For people who are uncomfortable wearing a mask that snugly covers the nose and mouth, a hat or visor with a clear, extended shield over the face may be a consideration. But it may not fit the bill as a compliant face covering when flying. JetBlue, for example, refers to the CDC guidance that describes “a suitable face covering as an item of cloth that … fit[s] snugly against the side of the face, [is] secured with ties or ear loops, include[s] multiple layers of fabric and allow[s] for unrestricted breathing.”

Related: American Airlines announces dramatic new anti-coronavirus measures

So, this type of hat won’t be useful on flights where a face mask is required. But it could give you peace of mind as you make your way through the airport. You could, of course, also pair this type of protective accessory with a more traditional fabric face mask for additional protection. If you suspect you could be a coronavirus carrier, you should definitely wear a face mask to give those around you additional protection.

A face shield could be a good compromise for parents who want their children to wear PPE on a flight but know it’s not practical to assume a face mask would stay on for any length of time. Antsy kids may also knock a hat or visor off their heads, but it’s something to try if you know your kid won’t wear a mask.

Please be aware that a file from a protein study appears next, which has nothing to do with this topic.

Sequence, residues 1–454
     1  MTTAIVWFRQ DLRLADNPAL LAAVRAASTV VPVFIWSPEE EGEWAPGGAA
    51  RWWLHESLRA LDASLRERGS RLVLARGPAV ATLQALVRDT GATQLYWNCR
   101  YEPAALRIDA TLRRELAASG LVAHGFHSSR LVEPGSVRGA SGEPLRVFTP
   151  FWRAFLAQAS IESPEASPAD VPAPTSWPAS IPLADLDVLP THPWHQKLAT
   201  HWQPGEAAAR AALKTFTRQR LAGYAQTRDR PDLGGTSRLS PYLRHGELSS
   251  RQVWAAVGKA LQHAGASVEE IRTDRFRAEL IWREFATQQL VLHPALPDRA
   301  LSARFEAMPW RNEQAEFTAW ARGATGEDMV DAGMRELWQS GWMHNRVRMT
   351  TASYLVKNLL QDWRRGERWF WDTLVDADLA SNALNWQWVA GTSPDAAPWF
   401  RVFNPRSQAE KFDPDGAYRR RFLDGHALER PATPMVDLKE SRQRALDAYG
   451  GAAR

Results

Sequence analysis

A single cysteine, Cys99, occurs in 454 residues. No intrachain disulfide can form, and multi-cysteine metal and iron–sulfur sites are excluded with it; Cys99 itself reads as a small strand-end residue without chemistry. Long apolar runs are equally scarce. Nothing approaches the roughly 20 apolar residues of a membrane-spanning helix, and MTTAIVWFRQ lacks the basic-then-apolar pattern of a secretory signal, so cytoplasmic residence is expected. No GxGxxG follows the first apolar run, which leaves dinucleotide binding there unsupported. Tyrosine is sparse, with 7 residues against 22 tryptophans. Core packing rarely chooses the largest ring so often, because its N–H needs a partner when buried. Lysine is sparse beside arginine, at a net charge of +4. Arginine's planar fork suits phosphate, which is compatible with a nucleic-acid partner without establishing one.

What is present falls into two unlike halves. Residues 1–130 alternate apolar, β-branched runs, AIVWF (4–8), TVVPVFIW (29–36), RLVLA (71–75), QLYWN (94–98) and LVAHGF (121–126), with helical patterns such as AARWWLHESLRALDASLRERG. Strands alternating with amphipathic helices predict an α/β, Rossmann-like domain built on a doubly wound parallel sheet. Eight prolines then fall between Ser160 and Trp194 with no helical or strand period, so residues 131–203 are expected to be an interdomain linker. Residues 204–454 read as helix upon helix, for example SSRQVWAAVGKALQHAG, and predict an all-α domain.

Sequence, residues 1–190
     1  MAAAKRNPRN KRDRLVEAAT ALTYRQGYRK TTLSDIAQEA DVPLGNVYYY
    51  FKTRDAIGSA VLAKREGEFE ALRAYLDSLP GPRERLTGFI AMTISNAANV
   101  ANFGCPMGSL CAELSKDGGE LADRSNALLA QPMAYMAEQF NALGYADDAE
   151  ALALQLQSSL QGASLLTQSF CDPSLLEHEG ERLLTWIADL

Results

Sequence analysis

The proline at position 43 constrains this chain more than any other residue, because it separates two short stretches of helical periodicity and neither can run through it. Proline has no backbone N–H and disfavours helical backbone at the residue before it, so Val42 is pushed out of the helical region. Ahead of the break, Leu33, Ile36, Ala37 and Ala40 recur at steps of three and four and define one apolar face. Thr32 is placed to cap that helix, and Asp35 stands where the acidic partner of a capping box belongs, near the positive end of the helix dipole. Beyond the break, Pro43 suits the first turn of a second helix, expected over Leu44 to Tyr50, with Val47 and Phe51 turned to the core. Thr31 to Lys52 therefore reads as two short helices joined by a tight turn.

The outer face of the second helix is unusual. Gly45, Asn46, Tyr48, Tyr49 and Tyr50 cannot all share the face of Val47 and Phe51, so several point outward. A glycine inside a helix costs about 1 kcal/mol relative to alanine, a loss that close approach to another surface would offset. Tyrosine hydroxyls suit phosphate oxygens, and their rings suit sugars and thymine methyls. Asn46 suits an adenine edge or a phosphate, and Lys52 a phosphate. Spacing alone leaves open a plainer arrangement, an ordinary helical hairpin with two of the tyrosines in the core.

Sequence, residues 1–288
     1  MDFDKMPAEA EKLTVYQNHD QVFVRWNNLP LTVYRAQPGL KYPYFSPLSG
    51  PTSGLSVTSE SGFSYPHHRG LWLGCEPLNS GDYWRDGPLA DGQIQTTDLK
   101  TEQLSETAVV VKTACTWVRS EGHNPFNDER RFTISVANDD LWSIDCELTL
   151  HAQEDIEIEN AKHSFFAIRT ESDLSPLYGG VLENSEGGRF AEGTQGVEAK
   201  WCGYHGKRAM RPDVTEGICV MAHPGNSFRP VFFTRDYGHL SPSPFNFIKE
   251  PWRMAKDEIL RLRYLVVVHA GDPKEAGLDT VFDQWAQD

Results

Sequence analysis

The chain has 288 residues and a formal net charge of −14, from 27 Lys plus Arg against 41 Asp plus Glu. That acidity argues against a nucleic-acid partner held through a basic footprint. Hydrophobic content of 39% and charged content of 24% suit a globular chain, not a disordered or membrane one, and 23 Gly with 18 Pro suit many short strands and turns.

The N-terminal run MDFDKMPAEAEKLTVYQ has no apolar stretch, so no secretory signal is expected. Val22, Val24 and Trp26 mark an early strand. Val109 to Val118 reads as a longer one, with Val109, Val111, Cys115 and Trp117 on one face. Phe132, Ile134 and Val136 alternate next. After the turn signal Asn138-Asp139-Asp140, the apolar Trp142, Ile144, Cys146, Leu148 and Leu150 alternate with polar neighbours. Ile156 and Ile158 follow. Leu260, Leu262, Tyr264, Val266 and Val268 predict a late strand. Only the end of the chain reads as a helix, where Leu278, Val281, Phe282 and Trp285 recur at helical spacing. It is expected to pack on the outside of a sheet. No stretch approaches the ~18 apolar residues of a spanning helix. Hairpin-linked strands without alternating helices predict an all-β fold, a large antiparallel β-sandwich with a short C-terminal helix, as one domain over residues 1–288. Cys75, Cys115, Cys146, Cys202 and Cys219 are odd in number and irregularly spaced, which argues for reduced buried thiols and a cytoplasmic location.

Protective coveralls

Now, we’re betting you won’t feel the need to do a full Naomi Campbell on your next flight, but the supermodel has been known to get very creative with her PPE. Last month, she arrived at Los Angels International (LAX) sporting a mask, gloves and head-to-toe protective coveralls, the likes of which you can purchase at any home improvement store.

But, when it comes to protecting yourself and those around you from the coronavirus, there’s no evidence wearing anything like this would provide additional protection, since scientists say the virus is spread through particles that can enter the nose, mouth and even the eyes.

Bottom line

We may all need to wear some type of face covering the next time we fly. We’ll keep you updated on requirements as they are instituted and offer information on face mask types and where to find them.

Until then, brush up on best practices for wearing a mask or any type of PPE. Wash your hands, or use a disinfectant, before handling the face covering. Carefully put it on your face, and when you take it off, use the ear straps to remove it and place it in a clean plastic bag. Don’t put it down on the tray table, seat or any other surface that could be contaminated — especially if you plan to reuse the mask. Before putting it back on your face, wash your hands again.

It may take a bit of getting used to, but hopefully wearing a face mask won’t be a permanent part of our travel routine. And remember, it’s an important precaution to protect others and ourselves while returning to normalcy as quickly as is safely possible.

Featured image by by Boris Roessler/picture alliance via Getty Images